12/14/2020 Guidebook Guide
By James Roh, Skimo Co Marketing and Content Manager
I’ll be the first to admit that I’ve always been a day dreamer. The type of person you see staring off in the distance, thinking about god-knows-what. A space cadet, if you will. So naturally, combined with my love for ski touring and travel, it shouldn’t come as a surprise that my bookshelf is stuffed with dozens of guidebooks. Each one is a portal to a new place, a glimpse into what could be, a skills refresher, and, every once in a while, a reminder of past adventures. Ten years in, I’ve become somewhat of a guidebook snob. The way I see it, a well done guidebook is a piece of art and a half-assed guidebook is a waste of everyone’s time.
Simply put, a good guidebook needs to meet two requirements: useful and enticing. The former, of course, means readable maps, directions, ratings, and all critical beta. Enticing? Now that’s what really separates mediocrity from greatness. This is high quality photos, creative writing, history on the area, and anything else that makes it feel less like an Excel spreadsheet.
With that in mind, I browsed Skimo Co’s guidebook library to nominate the best of the best. No one asked, but here are my top picks anyways.
Gold Standard - Backcountry Ski & Snowboard Routes - Washington by Martin Volken
Really, the whole state series by Mountaineers is great but for some reason the Washington one really gets me. Maybe it’s the excitement glaciers add to a lot of the routes, the insane amount of snow the PNW gets, or the fact that Liberty Ridge is actually listed as a ski line. Whatever it is, Volken did a great job and keeps Washington at the top of my road trip list.
Most Worn Out - The Chuting Gallery by Andrew McLean.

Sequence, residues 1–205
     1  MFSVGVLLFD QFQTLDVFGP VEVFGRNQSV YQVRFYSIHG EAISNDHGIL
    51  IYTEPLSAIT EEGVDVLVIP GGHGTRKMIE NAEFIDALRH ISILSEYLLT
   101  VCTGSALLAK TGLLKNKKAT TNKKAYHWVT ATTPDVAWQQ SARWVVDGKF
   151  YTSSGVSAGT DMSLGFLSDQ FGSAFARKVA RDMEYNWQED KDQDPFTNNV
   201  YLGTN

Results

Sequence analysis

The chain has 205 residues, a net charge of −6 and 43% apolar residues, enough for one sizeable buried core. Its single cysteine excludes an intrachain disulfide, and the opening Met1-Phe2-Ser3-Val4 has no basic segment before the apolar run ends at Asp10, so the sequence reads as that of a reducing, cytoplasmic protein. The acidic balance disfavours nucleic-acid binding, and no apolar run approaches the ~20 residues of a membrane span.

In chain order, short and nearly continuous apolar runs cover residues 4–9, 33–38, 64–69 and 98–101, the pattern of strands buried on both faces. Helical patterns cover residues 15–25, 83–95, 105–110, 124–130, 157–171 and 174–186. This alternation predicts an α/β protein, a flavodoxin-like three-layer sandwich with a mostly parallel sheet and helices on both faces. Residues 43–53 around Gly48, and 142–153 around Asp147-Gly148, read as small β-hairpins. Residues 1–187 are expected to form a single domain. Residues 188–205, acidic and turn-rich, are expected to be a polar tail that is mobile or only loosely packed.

There have been numerous guides to the Wasatch but this one is THE classic. Which, in a way, is actually ironic considering its maps are minimal at best, the photos aren’t especially helpful, and it was published over two decades ago. But if you like skiing lines steeper than 35 degrees and are a glutton for spicy adventure, this is a must have for Wasatch skiers. Actually, even if you’re not planning to ski here, McLean’s writing makes it a worthwhile read anyways. Who knew laughing at deadly, uncontrolled falls could be the norm in a guidebook?
Most Drool Worthy - 50 Classic Ski Descents of North America by Chris Davenport, Art Burrows, and Penn Newhard
This big boy deserves permanent status on every backcountry skier’s coffee table. It features gorgeous photos of incredible lines from around the continent that make the mind wander. Some lines are skied frequently while others have only seen a few descents ever. Heads up though, unless you’re Noah Howell or Cody Townsend, this isn't actually a guidebook per se.
Most Excellent - Backcountry Skiing California’s Eastern Sierras by Nate Greenberg and Dan Mingori
Full transparency, I haven't ridden any of the steep and long couloirs that the Sierras are known for and this book painfully reminds me of that frequently. But that’s the point. Everytime I walk past the bookshelf of workplace distraction, I have to resist reaching for this one. It has it all - well designed layout, great beta, and glossy, high quality images. Even the reference photos are postcard worthy. Three thumbs up.
Most Likely To Up Your Game - Mountaineering The Freedom Of The Hills by Mountaineers Books
It’s referred to as the “Bible of Mountaineering” for good reason - it covers just about every mountain skill out there from ice climbing to avalanche safety to glacier navigation to mountainside cooking (no beans at high altitudes!) Its legacy spans decades and involves input from countless athletes, guides, and practitioners. Sure, you can have some bonehead on Youtube answer your questions, but referencing this book will ensure you get you the right answer… and probably comes with a hand drawn illustration.
Most Desired: Japan by TBD
I’ve been waiting years for a guidebook to backcountry skiing Japan. If you’ve had the pleasure of drowning in Hokkaido Powder, then you know that the relatively small country has unlimited potential. You also know that logistics aren’t so straightforward (it doesn’t help that the maps are in Japanese.) An English guidebook would be immensely helpful. Hell, I’d be willing to team up with someone to make it happen. I promise to work extra hard researching the best onsens and ramen shops.